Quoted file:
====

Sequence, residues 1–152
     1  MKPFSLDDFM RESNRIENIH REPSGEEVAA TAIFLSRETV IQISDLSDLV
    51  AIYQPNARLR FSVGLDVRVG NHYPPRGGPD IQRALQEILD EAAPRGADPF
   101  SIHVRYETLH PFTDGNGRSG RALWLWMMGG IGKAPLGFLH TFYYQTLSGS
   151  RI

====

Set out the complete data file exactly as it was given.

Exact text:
Sequence, residues 1–152
     1  MKPFSLDDFM RESNRIENIH REPSGEEVAA TAIFLSRETV IQISDLSDLV
    51  AIYQPNARLR FSVGLDVRVG NHYPPRGGPD IQRALQEILD EAAPRGADPF
   101  SIHVRYETLH PFTDGNGRSG RALWLWMMGG IGKAPLGFLH TFYYQTLSGS
   151  RI